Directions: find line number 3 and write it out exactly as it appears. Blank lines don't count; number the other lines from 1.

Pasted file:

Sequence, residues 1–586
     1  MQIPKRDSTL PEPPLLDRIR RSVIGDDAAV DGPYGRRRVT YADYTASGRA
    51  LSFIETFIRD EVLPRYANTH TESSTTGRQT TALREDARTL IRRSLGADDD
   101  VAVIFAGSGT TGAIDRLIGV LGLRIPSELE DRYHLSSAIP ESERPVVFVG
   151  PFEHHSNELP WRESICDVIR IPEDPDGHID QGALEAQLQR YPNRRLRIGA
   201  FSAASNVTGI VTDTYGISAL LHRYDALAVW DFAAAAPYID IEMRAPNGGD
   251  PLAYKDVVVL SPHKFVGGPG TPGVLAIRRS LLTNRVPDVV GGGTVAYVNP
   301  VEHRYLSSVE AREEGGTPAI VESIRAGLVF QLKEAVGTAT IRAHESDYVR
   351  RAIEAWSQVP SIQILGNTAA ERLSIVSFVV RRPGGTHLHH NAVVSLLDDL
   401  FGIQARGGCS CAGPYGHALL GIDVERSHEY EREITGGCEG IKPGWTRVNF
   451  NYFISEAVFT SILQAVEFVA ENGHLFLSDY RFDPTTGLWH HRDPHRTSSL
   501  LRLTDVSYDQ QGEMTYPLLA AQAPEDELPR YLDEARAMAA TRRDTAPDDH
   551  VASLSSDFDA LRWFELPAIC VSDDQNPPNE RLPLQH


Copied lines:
    51  LSFIETFIRD EVLPRYANTH TESSTTGRQT TALREDARTL IRRSLGADDD